ppt-MIR390c (MFE of 62.30 kcal/mol)GGUAUAAUUACAGAGCUCAGGAGGGAUAGCGCCCAUCUCAGUCUUUUUUAGCAUCCAAUUGAAAUGGUUAACAUUCCUUUGGAUAGCUAGACGGCGAAGCAUGGCGCUGUCCAUUCUGAGCAUUGCAUUUGUACC

(((((((...(((.((((((((.((((((((((.((((..(((...((((((((((((..(((.((.....)))))..)))))).)))))).)))..)).)))))))))))).)))))))).)))...)))))))

Pohlia nutans (MFE of 57.20 kcal/mol)GGAUGAUACCAUUACGAAGCUCAGGAGGGAUAGCGCCUGCCUCUGUUUCUUCCUUGCAGCAGUCGUCGCAUGGCGCUAUCCAUUCUGAGCUUUGCAACUGUGUCGUCC

(((((((((..((.((((((((((((.(((((((((((((((((((.........)))).)).....))).)))))))))).)))))))))))).))..)))))))))

Ceratodon purpureus (MFE of 64.00 kcal/mol) GGACGAUACAAUUACCAAGCUCAGGAGGGAUAGCGCCUAGCUCUGUUCUUCUGUCACACUGUGAUAACAGAGUGCCAGACGUAUGGCGCUAUCCAUUCUGAGCUUUGCAAGUGUGUCGUCC

((((((((((......((((((((((.((((((((((..((((((((((..((((((...))))))..))))...)))).))..)))))))))).))))))))))......))))))))))

Brachitecium rivulare (MFE of 49.80 kcal/mol) GGACGACACAGUUGCAAAGCUCAGAAUGGAUAGCGCCGUGCUACUGUCCCAAACUUGAUUUCAACAGAGGUAGGCGCUAUCCCUCCUGAGCUUCGUAACGGUAUCAUCC

(((.((.((.(((((.((((((((...((((((((((.((((.((((................)))).))))))))))))))...)))))))).))))).)).)).)))

Marchantia polymorpha (MFE of 69.60 kcal/mol) AGGUUGGUCAGAGCGACAAAGCUCAGGAGGGAUAGCGUCUGCUUUUCCGUCAGGCUCGUGUGGGGCACGGGUACUUGUUCCUGGCUGUGGAGUUUACGCUAUCCAUUGUGAGCUCUGUCGCUCUCCCUUCCU

(((..((..(((((((((.((((((.((.(((((((((..(((((...(((((((((((((...)))))))........))))))...)))))..))))))))).)).)))))).))))))))).))..)))

Timmia austriaca Tau-miR390a (MFE of 50.10 kcal/mol)AGCUCAGGAGGGAUAGCGCCCAGCUCUGUUCUUCUGUAUCAUUGCUUGGUAAACAAGUAUUUGACAGUGAAGCGCAGAUGUAUGGCGCUCUCCAUUCUGAGCA

.((((((((.(((.((((((..(((((((.((((....(((.((((((.....))))))..)))....)))).))))).))..)))))).))).)))))))).

Timmia austriaca Tau-miR390b (MFE of 56.10 kcal/mol)AGCUCAGGAGGGAUAGCGCCUAUGUUUUCUGUUACUCUGUUACAUUGCUUAUUGUUUAAGCUUGUGACAGUUAAGUGCAGAAGUAAGGCGUUAUCCAUUCUGAGCU

(((((((((.(((((((((((....(((((((.(((((((((((..(((((.....))))).))))))))...))))))))))..))))))))))).)))))))))

Tetraphis pellucida (MFE of 48.10 kcal/mol)AGCUCAGGAGGGAUAGCGCCUAGCUCUUGGUUUCUGUGGCAUUGCUGUCAUUUGAAGCUCUGUAGCAGGAAAGGCUUUGAAGCAAUGCGCUAUCCAUUCUGAGCU

(((((((((.(((((((((...((((..(((((((((.(((..(((.((....)))))..))).))))))...)))..)).))...))))))))).)))))))))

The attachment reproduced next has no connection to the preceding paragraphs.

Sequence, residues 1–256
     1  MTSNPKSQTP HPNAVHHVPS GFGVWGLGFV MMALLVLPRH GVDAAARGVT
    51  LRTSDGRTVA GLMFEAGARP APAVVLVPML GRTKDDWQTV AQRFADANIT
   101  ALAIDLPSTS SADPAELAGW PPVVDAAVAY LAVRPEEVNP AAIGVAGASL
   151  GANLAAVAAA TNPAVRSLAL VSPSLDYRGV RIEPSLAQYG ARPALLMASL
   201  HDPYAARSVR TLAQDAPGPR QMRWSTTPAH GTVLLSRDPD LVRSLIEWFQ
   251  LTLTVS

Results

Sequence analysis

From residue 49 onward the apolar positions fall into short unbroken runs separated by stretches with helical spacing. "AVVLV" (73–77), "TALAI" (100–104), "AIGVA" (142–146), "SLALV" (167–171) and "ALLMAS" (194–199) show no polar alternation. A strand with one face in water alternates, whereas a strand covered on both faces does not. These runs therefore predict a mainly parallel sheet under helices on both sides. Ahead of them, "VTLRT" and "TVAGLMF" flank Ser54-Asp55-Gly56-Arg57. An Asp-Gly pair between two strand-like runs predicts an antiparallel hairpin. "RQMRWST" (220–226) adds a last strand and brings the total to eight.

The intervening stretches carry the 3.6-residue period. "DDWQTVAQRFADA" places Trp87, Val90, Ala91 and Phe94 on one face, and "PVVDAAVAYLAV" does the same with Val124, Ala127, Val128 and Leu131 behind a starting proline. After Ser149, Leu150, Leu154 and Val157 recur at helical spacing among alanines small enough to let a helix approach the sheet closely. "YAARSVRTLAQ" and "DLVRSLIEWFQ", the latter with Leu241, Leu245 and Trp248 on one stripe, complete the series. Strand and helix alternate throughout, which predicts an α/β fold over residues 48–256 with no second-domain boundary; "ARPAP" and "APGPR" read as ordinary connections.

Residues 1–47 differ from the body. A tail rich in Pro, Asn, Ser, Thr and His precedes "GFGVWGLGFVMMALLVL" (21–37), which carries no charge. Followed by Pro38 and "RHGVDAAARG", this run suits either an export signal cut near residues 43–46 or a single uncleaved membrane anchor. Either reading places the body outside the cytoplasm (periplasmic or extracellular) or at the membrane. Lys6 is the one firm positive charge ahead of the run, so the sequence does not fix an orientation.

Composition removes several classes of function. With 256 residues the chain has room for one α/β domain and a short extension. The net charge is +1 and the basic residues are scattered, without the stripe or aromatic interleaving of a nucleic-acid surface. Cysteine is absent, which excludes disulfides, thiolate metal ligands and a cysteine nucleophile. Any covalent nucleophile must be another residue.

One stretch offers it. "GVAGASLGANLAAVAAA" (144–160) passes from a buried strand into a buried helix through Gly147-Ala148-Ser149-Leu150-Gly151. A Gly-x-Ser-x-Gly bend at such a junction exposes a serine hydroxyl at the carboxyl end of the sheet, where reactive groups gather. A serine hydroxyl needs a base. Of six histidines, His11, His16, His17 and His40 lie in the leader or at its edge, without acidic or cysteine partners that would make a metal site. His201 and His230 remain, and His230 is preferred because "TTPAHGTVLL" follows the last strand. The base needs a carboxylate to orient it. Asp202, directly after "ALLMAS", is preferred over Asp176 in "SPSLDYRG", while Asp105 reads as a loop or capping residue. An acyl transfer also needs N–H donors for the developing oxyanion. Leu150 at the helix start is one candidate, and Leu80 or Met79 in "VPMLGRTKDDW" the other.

Polytrichum commune (MFE of 63.80 kcal/mol)AGCUCAGGAGGGAUAGCGCCUAGCUCUGGAGCCACUCUGCUGUUUCACCAGUUGUGGAAAACUGGUUGUUCACCAGUCAGUCCCAGACGUACAGCGCUAUCCCUCCUGAGCU

(((((((((((((((((((...(((((((.((....(((.((....(((((((......)))))))....)).)))...)).))))).))...)))))))))))))))))))

Oedipodium griffithianum (MFE of 49.50 kcal/mol)AGCUCAGGAGGGAUAGCGCCUAGCCCUGGUCUCUUUGUGGCAUUGCUUUUCAUCGGAAGCUGUGUACCAAUUAGGCUCAGAAGGAAAGCGCUAUCCAUUCUGAGCU

(((((((((.(((((((((....(((((((((..(((..((((.((((((....)))))).))))..)))..)))).)))..))...))))))))).)))))))))

Andreaea rupestris (MFE of 49.10 kcal/mol)AGCUCAGGAGGGAUAGCGCCCAACUCUGUACUAGAACUUCUGUAACUAUAUCUCAUUGUUUGGUAAACAGCCUGCAUUUGACAGUUCUUUGCAGAAGUGUGGCGUUAUCCAUUCUGAGCU

(((((((((.((((((((((((..((((((..((((((..............(((.(((..(((.....))).)))..))).)))))).))))))..)).)))))))))).)))))))))

Harpanthus flotovianus (MFE of 47.10 kcal/mol) AGCUCAGGAGGGAUAGCGCCAAAUUCUGGCCUUUUUGUGGGAUCGCUUUCGAUGAAAGCUUGCACAGUUUGGUUCAGAUGCAAAUCGCUAUCCAUUCUGAGCU

(((((((((.((((((((......(((((((...(((((.((..((((((...)))))))).)))))...)).))))).......)))))))).)))))))))

(b)

Figure 1: (a) Schematic representation of a typicalmiRNAhairpin showing the position of the lowerDCL processing site (filled and open darkgray arrowheads), upper DCL processing site (filled and open gray arrowheads), and the positions of potential mature miRNA or miRNA(filled and open arrowheads, resp.). (b) Primary and predicted secondary structures of stem-loop elements in Bryophyta andMarchantiophytamiR390 precursors. Sequences of the highly conserved AGCU tetranucleotides at the lower DCL processing sites of miRNA or miRNA areunderlined. Names of plant species with sequenced portions limited by conserved AGCU tetranucleotides are underlined.

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numerous classes of phasiRNAs [1, 14, 15]. The discovery thatorganisms share similar developmental genes as well as fun-damental aspects of their ontogeny opens the door towards amolecular understanding of development using comparisonof gene structures.Thus, orthologous genesmay be studied inspecies occupying key phylogenetic positions to deduce cor-relations between the molecular changes that were responsi-ble for evolutionary events in distinct species of interest [22].

Previously, we described a new method for identifi-cation of plant ta-siARF precursor genes based on PCRwith oligodeoxyribonucleotide primers mimicking miR390.The method was found to be efficient for genomic DNAand cDNA of dicotyledonous plants, cycads, and conifers[23]. The PCR-based approach was used as a comparativeprofiling tool to probe genomic DNA samp